Access: Disability, identity and the internet
Individuals with even the most complex identities and niche interests can find like-minded people with whom to virtually congregate.
This is very much the case in autism, the area of disability with which I'm most familiar -- with the added bonus that many AS people find it easier to communicate without the additional noise of face-to-face interaction. That's certainly been the case for my younger son, who talks (literally) and types to people who share his interests -- it's been a significant part of his socialisation.
Which doesn't mean that everything that happens is good -- the autism blogosphere can be a very fraught place at times. I'll write about that here some time :-)
(not the internet but the real world)
I've had an interesting journey in the past year going through a small injury to something more major, a couple of months on my back, crutches, stumbling around, and now a slow recovery to normality (I'm lucky, I'm someone for whom ACC has largely worked well).
What really interested me was how, without really trying, I somehow joined the disabled community as my mobility decreased, I started to exchange smiles with other people having trouble getting around, conversations in the physio pool, people helped me with the vagaries of parking permits so I could actually park close enough to do stuff (Dunedin's largely dismantled disabled parking system really sucks), etc I somehow slowly engaged with a community I hadn't really seen before, and I somehow seem to be slowly disengaging from some of that as I no longer look like I belong.
Simone Hindin, in reply to
It's interesting that you perceive a disengagement because you look like you no longer belong. I've been made aware over the past six years of what it's like to live with an 'invisible' chronic illness and how within the disabled community these are frequently over looked and even not counted despite being as completely disabling. And of course, not being covered by ACC, although it's good to hear that that system works for some.
Also, great post. I agree that the internet's an important place for people with disabilities to have an equal voice and also find people with similar experiences when physically getting to 'support group' can be impossible.
Sacha, in reply to
frequently over looked and even not counted
Totally. I'll add some posts on population stats - you wouldn't believe the archaic attitudes from some public agencies.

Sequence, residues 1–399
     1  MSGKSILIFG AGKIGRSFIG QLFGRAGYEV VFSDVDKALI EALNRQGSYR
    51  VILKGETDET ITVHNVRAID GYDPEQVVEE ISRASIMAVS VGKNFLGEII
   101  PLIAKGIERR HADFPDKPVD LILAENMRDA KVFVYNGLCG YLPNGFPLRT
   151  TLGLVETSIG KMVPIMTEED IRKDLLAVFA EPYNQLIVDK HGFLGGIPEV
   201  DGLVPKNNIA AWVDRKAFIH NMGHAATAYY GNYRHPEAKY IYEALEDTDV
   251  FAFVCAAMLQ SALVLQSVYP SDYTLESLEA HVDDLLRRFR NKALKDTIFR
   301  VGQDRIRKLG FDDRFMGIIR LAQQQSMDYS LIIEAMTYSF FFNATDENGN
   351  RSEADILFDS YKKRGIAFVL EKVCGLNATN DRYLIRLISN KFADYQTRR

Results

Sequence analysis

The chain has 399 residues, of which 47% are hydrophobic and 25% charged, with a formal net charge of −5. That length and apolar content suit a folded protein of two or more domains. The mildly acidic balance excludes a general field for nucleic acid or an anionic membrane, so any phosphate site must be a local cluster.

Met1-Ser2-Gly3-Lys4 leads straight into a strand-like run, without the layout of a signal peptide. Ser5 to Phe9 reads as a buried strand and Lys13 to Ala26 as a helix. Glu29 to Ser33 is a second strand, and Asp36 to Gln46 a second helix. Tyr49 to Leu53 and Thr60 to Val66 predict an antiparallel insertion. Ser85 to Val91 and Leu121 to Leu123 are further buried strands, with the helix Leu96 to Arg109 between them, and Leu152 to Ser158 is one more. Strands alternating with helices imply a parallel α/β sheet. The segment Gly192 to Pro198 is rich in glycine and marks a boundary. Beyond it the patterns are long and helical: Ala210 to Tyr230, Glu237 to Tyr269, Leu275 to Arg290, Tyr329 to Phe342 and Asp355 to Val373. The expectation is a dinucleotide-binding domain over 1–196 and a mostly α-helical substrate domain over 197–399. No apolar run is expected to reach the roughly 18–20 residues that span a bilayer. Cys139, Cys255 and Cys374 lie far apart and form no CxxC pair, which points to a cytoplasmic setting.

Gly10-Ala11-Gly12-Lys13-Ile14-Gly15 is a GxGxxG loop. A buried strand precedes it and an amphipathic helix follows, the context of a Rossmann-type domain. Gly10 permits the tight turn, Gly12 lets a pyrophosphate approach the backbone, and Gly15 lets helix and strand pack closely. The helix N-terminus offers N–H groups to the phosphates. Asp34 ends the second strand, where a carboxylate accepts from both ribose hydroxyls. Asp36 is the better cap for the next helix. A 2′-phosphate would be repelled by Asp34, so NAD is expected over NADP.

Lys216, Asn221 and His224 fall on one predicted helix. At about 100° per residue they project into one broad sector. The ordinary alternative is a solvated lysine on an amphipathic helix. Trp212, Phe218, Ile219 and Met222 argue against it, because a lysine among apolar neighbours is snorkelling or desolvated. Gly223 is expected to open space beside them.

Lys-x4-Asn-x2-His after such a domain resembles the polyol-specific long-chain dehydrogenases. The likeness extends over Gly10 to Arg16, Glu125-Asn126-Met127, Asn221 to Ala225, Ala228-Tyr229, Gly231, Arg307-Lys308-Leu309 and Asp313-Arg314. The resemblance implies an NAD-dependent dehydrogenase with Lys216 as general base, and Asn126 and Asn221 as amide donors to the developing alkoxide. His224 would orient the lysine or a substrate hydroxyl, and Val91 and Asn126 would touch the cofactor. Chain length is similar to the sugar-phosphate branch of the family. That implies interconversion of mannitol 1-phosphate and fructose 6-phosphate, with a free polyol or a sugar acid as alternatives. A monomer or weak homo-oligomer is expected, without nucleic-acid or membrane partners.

Thanks Chelle. Internet community has really saved my bacon at times.
The Press misses a chance to champion disabled people's rights:
In a story all about the CDHB (Canterbury District Health Board) submission on the Building (Earthquake-prone Buildings) Amendment Bill.
One councillor (part-time clown Aaron Keown) was all for stickers for earthquake prone buildings while largely ignoring the more sensible focus of councillor Jo Kane's disagreement..
"..with the bill's proposal to remove the requirement for building owners to improve access for people with disabilities while strengthening work was being carried out - a proposal the CDHB submission said was "inconsistent with the Humans Rights Act".
"What a cop-out for the whole of New Zealand. Of course it's always about money, but it should be about people,"
Mea culpa - I confess I missed that aspect on first reading, I was more pissed off at Keown's usual counter-productive publicity seeking subversion of process - thanks to the anonymous 'Analyst' commenter for jumping on it roundly)
What do you think about posting an "Ask me anything" thread on Access?
If people are uncomfortable getting asked ANY questions, then you could pick questions to share e.g how people get past obstacles( what the biggest ones are for them), what they need or would like changed, what they are passionate about etc. I know we all live in our own mind made worlds, each one unique, but we all share in existence.
Chelle Hope, in reply to
Hi BDB Inc,
I do apologise for not replying to you earlier. I actually tried this a while ago myself and I didn't get one question. I thought it would be a good idea, too. People just didn't engage with it at all.
Hopefully through blogposts and discussions people will be able to learn and expand on their knowledge. I'm certainly happy to take suggestions for topics, myself. Though I make no guarantees that I will actually write on them, I am always keen to hear what others would like to read about. Thanks very much for your suggestion.
BDB Inc, in reply to
Its a shame that people didn't engage.
But big Yes- I think your blog posts discussions are warm, friendly and encouraging and because you open your heart I think people would be comfortable asking you questions.
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